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Doctor Mohammad El-Momani

Doctor Mohammad El-Momani

Emergency room doctor at MSF Ramtha surgical project, Jordan

In June 2015, I joined MSF in Ramtha district as an emergency room doctor and a supervising doctor for the inpatient department responsible for receiving emergency cases from Syria. All those cases were critical war injuries caused by missiles, explosive barrels, mines or bullets.

Since the decision to close the northern borders of Jordan, we no longer hear the sirens of the ambulances carrying the wounded and injured from the Syrian war to our emergency room. This unfortunate situation means that the injured Syrians will have to remain on the Syrian side of the borders, losing their only chance of survival and the right to receive medical care as well as physical, psychological rehabilitation.
One of the patients I received in the emergency department who touched the medical team on duty and me on a personal level was a woman who said she was hit by a rocket-propelled grenade. She was eight months pregnant at the time and, as a result of the grenade, her two legs were amputated. What caught my attention and shocked me the most was the strength and control this lady had: she understood and accepted her bitter reality and was able to endure and tolerate her situation.


Fanta Meleram

30, fled northern Nigeria when her village was attacked and found refuge in Diffa region.

“I took my son to the health centre today because he is malnourished. I have just visited so that he can receive his treatment, a therapeutic food. This health centre is wonderful because when we come with our children or when we are ill ourselves, we are looked after for free. When Boko Haram attacked, we left Malanfatori in a rush and in a total panic. Some of our children succeeded in fleeing with us, but others were left behind and some women lost their husbands during the escape. They pursued us until we succeeded in crossing the Komadougou river to come to Niger. We arrived empty-handed and our husbands are not working. It is difficult to find food and it is very difficult to live in these conditions. Sometimes the state gives us help, and that is a relief.”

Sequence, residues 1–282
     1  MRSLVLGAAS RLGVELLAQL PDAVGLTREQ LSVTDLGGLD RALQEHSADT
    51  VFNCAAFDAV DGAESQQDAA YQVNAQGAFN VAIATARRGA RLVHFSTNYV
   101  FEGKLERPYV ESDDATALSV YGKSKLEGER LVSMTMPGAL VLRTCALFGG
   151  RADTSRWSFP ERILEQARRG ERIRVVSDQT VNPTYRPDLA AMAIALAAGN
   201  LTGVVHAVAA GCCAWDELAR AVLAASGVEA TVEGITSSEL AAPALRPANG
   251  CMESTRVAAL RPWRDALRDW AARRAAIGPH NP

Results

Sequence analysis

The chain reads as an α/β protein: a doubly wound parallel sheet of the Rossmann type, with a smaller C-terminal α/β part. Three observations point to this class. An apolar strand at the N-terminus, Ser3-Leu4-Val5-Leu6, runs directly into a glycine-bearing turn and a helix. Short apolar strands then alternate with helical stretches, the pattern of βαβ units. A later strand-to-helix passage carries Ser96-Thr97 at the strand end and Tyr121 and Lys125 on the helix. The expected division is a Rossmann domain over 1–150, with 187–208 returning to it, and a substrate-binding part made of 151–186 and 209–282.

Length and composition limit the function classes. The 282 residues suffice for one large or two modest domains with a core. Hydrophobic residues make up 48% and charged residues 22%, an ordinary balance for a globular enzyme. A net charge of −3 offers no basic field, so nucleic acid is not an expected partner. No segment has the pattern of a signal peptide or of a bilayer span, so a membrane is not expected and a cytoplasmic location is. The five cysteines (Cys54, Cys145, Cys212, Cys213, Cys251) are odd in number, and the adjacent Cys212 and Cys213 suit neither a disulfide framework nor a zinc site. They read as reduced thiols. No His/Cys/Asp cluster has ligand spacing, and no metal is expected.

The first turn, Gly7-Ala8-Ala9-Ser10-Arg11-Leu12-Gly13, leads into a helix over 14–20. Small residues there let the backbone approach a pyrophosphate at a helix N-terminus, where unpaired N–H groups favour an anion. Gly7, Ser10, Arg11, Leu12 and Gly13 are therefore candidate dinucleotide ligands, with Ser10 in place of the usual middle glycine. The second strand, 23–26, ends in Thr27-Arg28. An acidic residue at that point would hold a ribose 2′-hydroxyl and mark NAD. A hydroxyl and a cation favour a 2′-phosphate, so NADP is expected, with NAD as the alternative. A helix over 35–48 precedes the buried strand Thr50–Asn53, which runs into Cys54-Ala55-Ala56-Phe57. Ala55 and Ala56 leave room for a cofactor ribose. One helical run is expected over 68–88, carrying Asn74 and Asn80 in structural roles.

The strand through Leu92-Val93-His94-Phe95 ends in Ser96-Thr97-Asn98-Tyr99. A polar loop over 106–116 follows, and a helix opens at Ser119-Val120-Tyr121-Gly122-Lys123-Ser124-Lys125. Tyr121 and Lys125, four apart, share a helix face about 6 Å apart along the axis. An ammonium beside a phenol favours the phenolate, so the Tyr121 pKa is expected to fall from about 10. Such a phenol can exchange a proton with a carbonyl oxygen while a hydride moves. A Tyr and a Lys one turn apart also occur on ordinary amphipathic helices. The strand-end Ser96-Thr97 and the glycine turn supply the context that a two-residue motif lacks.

Ruslan Ozdoyev


In June 2014, 32-year-old Ruslan Ozdoyev became MSF’s first XDR-TB patient in Chechnya to start a new treatment regimen containing bedaquiline. Within two months of treatment, he tested negative for TB. On 15 July 2016, Ruslan was declared cured.

“I was admitted to the hospital with the most complicated diagnosis of TB. I weighed 75kg before the disease. After I fell ill, my weight dropped to 40kg. I was taking drugs, but there was no improvement. In July 2014, they started me on a new treatment. In the beginning it was very tough. I was nauseous and vomited, but began to get better after some time. My weight went up to 70kg. I want to thank everyone who took care of me. Now this is the treatment that really works.”

Russian Federation
Sinethemba Kuse

Sinethemba Kuse

17, from Khayelitsha, was one of the first multidrug-resistant TB patients initiated on delamanid in South Africa.

“Just imagine being told that you have MDR-TB just before Christmas. The same day the doctor gave me tablets and I also got an injection. The injections were painful. I was scared of the needle because I had to be injected every day. Sometimes I would bleed and I even got lumps. I swallowed a lot of tablets, so I would vomit or be dizzy. Later, we were told about a new medication that is available in Khayelitsha that not a lot of people are lucky enough to have. Dr Jenny [Hughes] of MSF explained more about this new drug called delamanid. In February 2015, I started taking it. All I can say is that there is hope. I trusted it with my life and it worked. My gran and everybody started noticing the difference – even my gran’s church friends saw the change.”

South Africa

Maggi Myeni,

50, an HIV patient from Tibane in Shiselweni.

I collect my drugs from JCI clinic. It takes me around five hours to travel to and from my clinic and I spend SZL 60 for the trip. In May 2016, a small group of neighbours on HIV treatment and I formed a community antiretroviral treatment group (CAG). Each month, the group chooses one member who goes to the clinic to collect the medication for the others.

I find being in the group very helpful and I am able to save the little money that I have. Today, it  was my turn to come to the clinic to fetch the medication. When I was done with all my HIV-related consultations and collecting the medication, I decided to do the test to check if I have cancer (VIA screening).

The nurse told me that there were whitish patches in my cervix. He said this means I have sores in my cervix and therefore a high chance of getting cervical cancer. He treated the sores and told me to come back to the clinic if I bleed. I am relieved now that I have done the test and have received the necessary treatment on time.